October 19, 2023
Throughout Amy O’Brien’s career in responsible investing, she was often navigating the unknown, without clear job descriptions, only a call to action. She adopted the Jesuit philosophical directive to “use your talents to address the world’s greatest needs.”
When she began working, the realm of responsible investing was limited to small charities and foundations. Amy worked to change that from the inside, with the understanding that engaged investors are the path to driving change. She would build a business case for taking the moral action and demonstrated to clients that responsible investing is smart investing.
Amy often found herself in the right place at the right time and discovered allies in unexpected places. She believes that the way to career advancement is to look for where you can make a difference and then raise your hand — propose a solution and volunteer, showing that you are thinking ahead. She believes it’s important to cultivate your global network and keep educating yourself toward that next position.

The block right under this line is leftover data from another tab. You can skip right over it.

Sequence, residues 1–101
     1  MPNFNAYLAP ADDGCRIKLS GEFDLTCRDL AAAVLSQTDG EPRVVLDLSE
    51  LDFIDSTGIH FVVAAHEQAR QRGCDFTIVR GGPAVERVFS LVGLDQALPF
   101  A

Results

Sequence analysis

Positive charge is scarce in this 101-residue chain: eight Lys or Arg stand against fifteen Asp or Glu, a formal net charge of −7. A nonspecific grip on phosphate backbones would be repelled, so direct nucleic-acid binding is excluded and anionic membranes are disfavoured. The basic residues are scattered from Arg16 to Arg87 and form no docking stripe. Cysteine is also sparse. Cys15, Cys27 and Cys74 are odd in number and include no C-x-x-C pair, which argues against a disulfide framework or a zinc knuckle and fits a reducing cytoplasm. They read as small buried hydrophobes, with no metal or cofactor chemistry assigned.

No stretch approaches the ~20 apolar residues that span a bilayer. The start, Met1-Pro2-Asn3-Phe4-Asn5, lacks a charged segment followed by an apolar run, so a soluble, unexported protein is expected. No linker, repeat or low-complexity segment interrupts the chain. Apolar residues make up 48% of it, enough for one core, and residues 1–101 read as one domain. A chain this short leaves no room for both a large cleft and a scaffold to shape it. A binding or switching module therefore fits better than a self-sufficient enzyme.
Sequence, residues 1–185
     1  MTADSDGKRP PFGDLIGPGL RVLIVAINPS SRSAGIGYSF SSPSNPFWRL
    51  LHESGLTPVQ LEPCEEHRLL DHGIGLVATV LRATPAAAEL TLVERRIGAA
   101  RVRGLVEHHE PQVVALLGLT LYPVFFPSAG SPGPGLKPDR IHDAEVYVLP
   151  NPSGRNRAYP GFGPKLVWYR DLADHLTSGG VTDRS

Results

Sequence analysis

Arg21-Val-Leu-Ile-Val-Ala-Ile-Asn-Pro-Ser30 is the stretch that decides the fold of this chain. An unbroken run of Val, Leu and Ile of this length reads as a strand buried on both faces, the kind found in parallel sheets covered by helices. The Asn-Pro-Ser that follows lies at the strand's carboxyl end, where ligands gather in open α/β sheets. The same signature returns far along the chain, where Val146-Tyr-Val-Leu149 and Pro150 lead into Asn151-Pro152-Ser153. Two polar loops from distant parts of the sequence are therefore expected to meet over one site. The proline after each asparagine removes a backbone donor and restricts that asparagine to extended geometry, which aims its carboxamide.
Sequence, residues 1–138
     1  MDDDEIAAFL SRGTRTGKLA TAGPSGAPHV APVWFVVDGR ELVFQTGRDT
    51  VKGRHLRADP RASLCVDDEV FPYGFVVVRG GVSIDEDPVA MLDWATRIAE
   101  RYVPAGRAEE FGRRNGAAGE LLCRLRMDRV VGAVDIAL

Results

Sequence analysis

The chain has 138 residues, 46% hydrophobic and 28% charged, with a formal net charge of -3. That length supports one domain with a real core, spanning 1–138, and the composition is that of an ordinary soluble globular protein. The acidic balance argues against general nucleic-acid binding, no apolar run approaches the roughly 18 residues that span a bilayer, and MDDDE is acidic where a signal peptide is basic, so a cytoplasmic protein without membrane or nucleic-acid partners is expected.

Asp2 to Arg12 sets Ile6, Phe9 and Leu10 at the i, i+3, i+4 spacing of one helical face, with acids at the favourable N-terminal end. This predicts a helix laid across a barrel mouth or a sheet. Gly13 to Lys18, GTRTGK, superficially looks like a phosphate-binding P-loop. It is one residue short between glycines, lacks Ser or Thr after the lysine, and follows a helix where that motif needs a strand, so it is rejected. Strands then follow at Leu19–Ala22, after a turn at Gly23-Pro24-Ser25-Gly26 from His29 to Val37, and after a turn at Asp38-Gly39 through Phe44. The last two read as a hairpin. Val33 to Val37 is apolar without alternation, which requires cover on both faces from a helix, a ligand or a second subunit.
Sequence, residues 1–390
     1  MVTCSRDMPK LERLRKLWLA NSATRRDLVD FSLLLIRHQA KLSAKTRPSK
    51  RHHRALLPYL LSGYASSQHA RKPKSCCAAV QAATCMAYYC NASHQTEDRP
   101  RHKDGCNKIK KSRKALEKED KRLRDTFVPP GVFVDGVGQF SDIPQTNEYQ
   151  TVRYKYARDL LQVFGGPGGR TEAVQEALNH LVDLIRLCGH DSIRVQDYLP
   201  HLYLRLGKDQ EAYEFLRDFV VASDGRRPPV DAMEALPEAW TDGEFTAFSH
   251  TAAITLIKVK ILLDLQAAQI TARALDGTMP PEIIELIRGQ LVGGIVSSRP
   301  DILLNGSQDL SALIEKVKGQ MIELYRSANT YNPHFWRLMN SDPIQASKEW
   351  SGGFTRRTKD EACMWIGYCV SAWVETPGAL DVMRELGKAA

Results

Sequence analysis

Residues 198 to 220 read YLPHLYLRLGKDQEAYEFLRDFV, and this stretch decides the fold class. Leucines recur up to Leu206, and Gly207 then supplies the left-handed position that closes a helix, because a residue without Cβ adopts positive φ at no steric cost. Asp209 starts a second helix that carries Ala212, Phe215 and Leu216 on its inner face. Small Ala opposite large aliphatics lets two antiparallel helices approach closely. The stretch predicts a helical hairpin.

For Nickol Hackett, it’s personal. She grew up around hard-working people and felt an obligation to honor their service. But she also made the personal choice for more life, and fewer working weekends, from her working life.
She advises people to make their advocacy personal by being champions for others. We each possess the ability to advocate and create space for one another.
Some people are never given the opportunity to demonstrate their potential. Instead, they are expected to show results. But it takes only one champion to start the contagion. She advises: Be the first one to give feedback, offer public praise, make space, and give a second chance. In other words, make it personal.